"The safeconduct men have most heartily procured me to send to you their letters herein enclosed. If you help them, in mine opinion, you shall do a charitable deed. The men have had great losses, and have, as you know, once compounded besides the first towne, and Emer[son] being yet in France, and now comen to an end of his business, if the safeconduct be not continued, cannot bring his goods from thence. Thus much I was prayed to write to you and to desire you further, in case you mind to do them any good, to remember that New Year's day is the last day."
A kinsman of my wife's, named Nicholas [Waf]erour, has prayed me to be a suitor for him, as appears by the enclosed bill. I know not the man, but know a factor of his in London who is honest and substantial. London, 24 Dec. 1545.
1588 – Birth of Constance of Austria
1 December 1420 – Henry V of England enters Paris.
1541-Thomas Culpepper was arrested
1577 – Francis Walsingham is knighted.
5 December 1560 –Death of Francis II of France.He was a monarch of the House of Valois-Angoulême who was King of France from 1559 to 1560. He was also King consort of Scotland as a result of his marriage to Mary, Queen of Scots, from 1558 until his death.He ascended the throne of France at the age of fifteen after the accidental death of his father, Henry II, in 1559. His short reign was dominated by the first stirrings of the French Wars of Religion and the loss of French possessions in Corsica, Tuscany, Savoy, and almost all of Piedmont under the Treaty of Cateau-Cambrésis.
Although the royal age of majority had been set at fourteen, his mother, Catherine de' Medici, entrusted the reins of government to his wife's uncles from the House of Guise, staunch supporters of the Catholic cause. They were unable to help Catholics in Scotland against Scottish reformers, however, and the Auld Alliance was dissolved.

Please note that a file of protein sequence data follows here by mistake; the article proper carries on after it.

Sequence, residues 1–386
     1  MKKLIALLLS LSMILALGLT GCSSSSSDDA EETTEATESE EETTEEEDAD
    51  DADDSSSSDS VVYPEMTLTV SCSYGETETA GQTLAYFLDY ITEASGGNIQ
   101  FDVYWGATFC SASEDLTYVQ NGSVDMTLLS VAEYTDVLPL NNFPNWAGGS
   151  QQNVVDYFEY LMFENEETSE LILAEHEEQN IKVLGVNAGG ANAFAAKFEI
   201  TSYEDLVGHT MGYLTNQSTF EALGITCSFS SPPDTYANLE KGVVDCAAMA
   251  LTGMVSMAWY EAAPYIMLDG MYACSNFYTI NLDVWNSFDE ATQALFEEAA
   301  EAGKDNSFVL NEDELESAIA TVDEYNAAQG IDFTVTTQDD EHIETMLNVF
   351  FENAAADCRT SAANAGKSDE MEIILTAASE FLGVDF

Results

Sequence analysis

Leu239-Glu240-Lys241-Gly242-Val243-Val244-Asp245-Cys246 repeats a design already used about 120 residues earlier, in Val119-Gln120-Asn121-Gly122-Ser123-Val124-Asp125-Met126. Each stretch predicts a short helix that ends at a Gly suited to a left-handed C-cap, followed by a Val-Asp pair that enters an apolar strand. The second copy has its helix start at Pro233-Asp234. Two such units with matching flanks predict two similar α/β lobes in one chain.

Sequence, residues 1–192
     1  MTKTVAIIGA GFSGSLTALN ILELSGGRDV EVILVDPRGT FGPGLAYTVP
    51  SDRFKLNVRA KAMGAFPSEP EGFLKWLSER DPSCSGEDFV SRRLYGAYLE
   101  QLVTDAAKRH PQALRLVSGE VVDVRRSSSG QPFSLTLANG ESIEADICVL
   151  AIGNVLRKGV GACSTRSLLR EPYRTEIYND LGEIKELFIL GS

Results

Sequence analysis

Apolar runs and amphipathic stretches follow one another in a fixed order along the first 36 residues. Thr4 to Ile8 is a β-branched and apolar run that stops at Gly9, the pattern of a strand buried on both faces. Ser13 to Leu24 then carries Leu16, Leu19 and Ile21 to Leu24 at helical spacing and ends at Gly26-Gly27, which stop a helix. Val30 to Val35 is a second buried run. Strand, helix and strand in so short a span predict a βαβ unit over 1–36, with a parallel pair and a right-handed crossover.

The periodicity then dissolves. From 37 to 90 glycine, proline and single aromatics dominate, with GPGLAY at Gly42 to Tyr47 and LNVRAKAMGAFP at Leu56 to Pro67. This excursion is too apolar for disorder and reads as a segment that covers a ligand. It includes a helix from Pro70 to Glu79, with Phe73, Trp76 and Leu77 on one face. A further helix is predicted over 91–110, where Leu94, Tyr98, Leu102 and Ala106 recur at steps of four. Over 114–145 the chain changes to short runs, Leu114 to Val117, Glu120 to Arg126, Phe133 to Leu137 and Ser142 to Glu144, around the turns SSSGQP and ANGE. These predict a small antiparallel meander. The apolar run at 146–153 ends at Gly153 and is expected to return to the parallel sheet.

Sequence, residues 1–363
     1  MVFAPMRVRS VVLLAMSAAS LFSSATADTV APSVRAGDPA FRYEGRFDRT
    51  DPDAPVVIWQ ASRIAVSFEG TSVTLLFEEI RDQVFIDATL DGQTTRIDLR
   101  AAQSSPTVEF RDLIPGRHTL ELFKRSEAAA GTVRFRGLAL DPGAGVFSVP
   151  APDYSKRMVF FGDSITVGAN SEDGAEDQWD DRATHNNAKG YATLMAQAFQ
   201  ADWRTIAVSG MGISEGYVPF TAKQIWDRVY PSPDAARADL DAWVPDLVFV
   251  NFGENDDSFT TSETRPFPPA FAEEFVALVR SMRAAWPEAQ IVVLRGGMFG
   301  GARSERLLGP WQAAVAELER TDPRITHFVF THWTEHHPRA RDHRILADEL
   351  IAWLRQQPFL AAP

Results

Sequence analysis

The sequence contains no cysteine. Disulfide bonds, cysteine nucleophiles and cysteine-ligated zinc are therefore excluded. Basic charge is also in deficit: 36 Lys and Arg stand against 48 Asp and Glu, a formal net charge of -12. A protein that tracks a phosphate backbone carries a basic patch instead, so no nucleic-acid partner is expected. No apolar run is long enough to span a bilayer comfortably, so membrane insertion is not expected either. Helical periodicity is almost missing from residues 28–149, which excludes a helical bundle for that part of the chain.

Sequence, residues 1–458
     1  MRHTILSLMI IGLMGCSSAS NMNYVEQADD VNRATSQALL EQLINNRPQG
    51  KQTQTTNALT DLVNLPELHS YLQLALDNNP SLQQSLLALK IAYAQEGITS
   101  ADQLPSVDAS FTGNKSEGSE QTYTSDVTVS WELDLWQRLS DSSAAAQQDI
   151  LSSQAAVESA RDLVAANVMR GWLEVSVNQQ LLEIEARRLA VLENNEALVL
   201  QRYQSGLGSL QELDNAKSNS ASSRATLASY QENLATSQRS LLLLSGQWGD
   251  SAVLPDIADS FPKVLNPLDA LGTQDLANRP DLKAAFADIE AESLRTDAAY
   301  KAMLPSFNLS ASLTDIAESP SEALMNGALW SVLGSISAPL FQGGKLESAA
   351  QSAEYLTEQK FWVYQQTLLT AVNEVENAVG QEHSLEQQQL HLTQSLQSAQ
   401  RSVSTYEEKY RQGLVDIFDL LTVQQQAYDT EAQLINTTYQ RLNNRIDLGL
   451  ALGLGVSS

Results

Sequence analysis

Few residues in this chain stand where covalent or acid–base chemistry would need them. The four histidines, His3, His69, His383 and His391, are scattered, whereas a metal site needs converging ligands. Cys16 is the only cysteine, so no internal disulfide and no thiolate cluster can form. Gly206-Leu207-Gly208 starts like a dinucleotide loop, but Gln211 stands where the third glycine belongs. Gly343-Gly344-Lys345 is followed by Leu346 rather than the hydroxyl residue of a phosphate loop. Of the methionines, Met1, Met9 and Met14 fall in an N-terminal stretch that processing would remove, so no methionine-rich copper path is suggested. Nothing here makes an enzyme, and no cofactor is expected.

Francis was succeeded by two of his brothers in turn, both of whom were also unable to reduce tensions between Protestants and Catholics.
6 December 1421 – Birth of Henry VI of England
7 December 1545 – Birth of Henry Stuart, Lord Darnley,second husband of Mary, Queen of Scots
8 December 1542 – Birth of Mary, Queen of Scots.She was Queen of Scotland from 14 December 1542 to 24 July 1567 and Queen consort of France from 10 July 1559 to 5 December 1560.Mary, the only surviving legitimate child of King James V of Scotland, was six days old when her father died and she acceded to the throne. She spent most of her childhood in France while Scotland was ruled by regents, and in 1558, she married the Dauphin of France, Francis. He ascended the French throne as King Francis II in 1559, and Mary briefly became queen consort of France, until his death in December 1560. Widowed, Mary returned to Scotland, arriving in Leith on 19 August 1561. Four years later, she married her first cousin, Henry Stuart, Lord Darnley, but their union was unhappy. In February 1567, his residence was destroyed by an explosion, and Darnley was found murdered in the garden.James Hepburn, 4th Earl of Bothwell, was generally believed to have orchestrated Darnley's death, but he was acquitted of the charge in April 1567, and the following month he married Mary. Following an uprising against the couple, Mary was imprisoned in Loch Leven Castle. On 24 July 1567, she was forced to abdicate in favour of James, her one-year-old son by Darnley. After an unsuccessful attempt to regain the throne, she fled southwards seeking the protection of her first cousin once removed, Queen Elizabeth I of England. Mary had previously claimed Elizabeth's throne as her own and was considered the legitimate sovereign of England by many English Catholics, including participants in a rebellion known as the Rising of the North. Perceiving her as a threat, Elizabeth had her confined in various castles and manor houses in the interior of England. After eighteen and a half years in custody, Mary was found guilty of plotting to assassinate Elizabeth, and was subsequently executed.
9 December 1541 – Agnes Tilney,step-grandmother of Katherine Howard and dowager duchess of Norfolk was interrogated